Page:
Grant Park: The Battle of Atlanta Cyclorama is an enormous 19th-century panorama painting that depicts combat action and battlefield landmarks in a vivid, true-to-life style.

What to See: A visit to the Battle of Atlanta Cyclorama enables contemporary audiences to simulate a 19th-century panorama viewing experience. After visitors to the Atlanta Cyclorama take their seats on a central viewing platform, the entire platform begins a slow, circular rotation in front of the climactic battlefield action. The audience's vantage point is high above the fighting, as if viewing the action from a platform 40 feet off the ground at the present-day intersection of Moreland and DeKalb Avenues.

The darkened auditorium excludes any sense of the viewers' real whereabouts, and every aspect of the Cyclorama experience is designed to heighten its visual impact. As the vast panorama appears in front of them, spectators hear a recorded narration of combat scenes, accompanied by background music, gunshots, and other sound effects. Nothing extraneous encroaches on the sprawling display of human figures, animals, landscape, and buildings, all painted in a vivid, true-to-life style.

The Atlanta Cyclorama presents a series of battlefield events, starting and ending with the intense confrontation at the Troup Hurt House and the nearby De Gress Battery. As segments of the painting are consecutively illuminated, the audience sees Federal infantry moving forward to restore their broken line; Sherman surveying the battlefield from his headquarters at the Augustus Hurt House; Logan galloping to the front to lead the Union counterattack; a distant cloud of smoke arising from the fighting in Decatur; and a Confederate division charging across the open ground atop Leggett's Hill. Visible throughout the panorama is the battle-torn terrain where for hours opposing troops engaged in close combat.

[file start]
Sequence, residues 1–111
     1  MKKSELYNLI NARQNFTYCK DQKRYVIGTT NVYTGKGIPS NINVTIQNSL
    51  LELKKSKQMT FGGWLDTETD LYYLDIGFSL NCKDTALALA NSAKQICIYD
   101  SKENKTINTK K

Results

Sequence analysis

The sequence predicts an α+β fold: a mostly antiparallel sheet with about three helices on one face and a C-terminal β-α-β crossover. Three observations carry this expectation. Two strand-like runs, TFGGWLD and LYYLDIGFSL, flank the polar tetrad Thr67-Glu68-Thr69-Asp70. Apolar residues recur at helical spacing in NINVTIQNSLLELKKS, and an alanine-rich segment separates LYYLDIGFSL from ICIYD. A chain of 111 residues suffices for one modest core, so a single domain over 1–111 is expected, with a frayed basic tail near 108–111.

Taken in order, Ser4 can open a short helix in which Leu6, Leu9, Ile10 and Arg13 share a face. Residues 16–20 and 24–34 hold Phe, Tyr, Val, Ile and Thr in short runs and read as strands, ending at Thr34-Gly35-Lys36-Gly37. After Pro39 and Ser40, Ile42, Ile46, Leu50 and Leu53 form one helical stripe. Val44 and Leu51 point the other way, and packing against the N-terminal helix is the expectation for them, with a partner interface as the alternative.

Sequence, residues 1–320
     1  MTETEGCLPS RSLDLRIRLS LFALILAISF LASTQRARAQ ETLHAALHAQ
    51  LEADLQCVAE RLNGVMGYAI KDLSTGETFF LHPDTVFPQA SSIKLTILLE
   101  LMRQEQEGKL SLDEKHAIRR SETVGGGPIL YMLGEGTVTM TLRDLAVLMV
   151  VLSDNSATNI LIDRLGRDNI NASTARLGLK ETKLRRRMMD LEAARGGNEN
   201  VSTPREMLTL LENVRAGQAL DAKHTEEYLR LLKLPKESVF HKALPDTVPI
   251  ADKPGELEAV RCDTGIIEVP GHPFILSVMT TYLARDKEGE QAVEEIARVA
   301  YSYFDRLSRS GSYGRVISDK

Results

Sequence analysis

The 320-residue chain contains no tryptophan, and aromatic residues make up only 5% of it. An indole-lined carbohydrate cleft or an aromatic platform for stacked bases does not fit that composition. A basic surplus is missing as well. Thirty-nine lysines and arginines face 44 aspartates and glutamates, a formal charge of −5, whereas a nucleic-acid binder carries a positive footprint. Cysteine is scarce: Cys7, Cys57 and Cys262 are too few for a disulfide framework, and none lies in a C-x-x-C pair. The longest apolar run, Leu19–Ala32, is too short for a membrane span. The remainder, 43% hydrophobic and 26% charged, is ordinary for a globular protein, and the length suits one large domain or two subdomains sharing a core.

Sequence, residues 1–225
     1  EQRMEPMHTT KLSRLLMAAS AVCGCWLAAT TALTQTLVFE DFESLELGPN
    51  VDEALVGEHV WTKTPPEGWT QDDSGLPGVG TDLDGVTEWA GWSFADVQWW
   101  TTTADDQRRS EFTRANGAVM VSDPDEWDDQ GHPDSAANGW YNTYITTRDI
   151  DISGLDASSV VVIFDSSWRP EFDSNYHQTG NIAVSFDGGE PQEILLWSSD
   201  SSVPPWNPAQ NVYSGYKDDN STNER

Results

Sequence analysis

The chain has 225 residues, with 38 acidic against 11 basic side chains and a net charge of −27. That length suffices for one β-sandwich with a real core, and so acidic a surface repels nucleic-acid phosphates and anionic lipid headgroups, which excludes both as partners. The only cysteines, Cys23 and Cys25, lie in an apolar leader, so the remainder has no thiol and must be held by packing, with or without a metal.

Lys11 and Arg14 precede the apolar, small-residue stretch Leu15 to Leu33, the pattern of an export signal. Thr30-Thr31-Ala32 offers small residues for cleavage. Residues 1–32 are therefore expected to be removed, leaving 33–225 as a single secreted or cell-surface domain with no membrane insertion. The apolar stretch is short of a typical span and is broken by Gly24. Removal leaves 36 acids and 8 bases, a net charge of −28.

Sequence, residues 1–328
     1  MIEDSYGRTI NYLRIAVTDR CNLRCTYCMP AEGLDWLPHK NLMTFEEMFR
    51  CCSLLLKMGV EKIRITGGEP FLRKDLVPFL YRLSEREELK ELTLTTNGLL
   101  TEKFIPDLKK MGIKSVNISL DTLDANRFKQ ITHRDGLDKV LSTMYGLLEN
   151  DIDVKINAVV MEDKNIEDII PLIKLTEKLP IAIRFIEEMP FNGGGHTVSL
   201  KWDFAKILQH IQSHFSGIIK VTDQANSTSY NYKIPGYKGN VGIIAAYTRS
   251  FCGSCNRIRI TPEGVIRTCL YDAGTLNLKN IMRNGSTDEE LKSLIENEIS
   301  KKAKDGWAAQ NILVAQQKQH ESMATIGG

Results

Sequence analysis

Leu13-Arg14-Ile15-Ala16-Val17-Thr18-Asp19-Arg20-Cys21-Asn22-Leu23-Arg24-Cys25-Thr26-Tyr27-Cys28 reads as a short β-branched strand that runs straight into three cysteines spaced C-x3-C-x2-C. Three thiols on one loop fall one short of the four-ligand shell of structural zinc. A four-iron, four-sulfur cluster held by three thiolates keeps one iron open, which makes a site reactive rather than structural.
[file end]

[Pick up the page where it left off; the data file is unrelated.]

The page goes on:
The Battle of Atlanta painting is one of two Civil War battle cycloramas still on display in the United States. The other is the Battle of Gettysburg at the Gettysburg National Military Park. The Atlanta panorama was painted in a Milwaukee studio in 1885­–1886 by a group of German and Austrian artists. The painting was first publicly exhibited in Minneapolis in June 1886 and was shown in Indianapolis and Chattanooga before its Atlanta opening in February 1892. A second Battle of Atlanta panorama, completed by the same group of artists in Milwaukee, debuted in Detroit in February 1887. What became of the version shown in Detroit is not known.